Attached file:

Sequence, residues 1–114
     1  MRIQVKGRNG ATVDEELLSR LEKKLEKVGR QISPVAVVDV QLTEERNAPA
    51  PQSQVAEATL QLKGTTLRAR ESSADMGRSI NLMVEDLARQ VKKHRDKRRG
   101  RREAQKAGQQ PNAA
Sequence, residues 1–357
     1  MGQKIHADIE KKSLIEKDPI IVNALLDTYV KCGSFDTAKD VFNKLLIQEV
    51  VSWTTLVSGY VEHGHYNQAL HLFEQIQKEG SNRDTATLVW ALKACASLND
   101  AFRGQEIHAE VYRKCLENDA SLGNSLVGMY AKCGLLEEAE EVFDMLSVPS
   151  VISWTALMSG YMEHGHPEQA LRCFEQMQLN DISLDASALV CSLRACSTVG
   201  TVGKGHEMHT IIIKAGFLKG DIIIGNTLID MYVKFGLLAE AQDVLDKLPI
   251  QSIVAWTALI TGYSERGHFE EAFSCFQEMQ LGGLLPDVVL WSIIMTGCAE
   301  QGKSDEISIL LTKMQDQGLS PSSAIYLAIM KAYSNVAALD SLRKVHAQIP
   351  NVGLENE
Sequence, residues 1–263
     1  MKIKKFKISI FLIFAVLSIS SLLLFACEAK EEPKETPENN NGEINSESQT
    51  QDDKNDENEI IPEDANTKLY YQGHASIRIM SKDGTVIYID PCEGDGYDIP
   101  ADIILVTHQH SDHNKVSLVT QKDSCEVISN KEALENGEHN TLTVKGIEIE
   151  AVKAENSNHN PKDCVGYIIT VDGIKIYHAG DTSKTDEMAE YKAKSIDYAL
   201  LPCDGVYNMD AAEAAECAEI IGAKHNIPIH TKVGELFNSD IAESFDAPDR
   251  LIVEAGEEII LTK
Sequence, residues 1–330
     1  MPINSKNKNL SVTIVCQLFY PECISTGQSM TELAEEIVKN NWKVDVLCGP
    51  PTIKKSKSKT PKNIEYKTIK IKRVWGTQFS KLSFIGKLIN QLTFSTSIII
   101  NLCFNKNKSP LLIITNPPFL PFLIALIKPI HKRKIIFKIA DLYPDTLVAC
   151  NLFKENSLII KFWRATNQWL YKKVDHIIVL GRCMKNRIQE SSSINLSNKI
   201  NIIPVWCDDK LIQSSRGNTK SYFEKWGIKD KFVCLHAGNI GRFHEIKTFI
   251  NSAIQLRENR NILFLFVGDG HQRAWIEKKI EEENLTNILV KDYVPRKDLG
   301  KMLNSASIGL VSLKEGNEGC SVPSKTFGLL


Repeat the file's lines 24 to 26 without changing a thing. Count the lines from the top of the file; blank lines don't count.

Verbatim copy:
   101  NLCFNKNKSP LLIITNPPFL PFLIALIKPI HKRKIIFKIA DLYPDTLVAC
   151  NLFKENSLII KFWRATNQWL YKKVDHIIVL GRCMKNRIQE SSSINLSNKI
   201  NIIPVWCDDK LIQSSRGNTK SYFEKWGIKD KFVCLHAGNI GRFHEIKTFI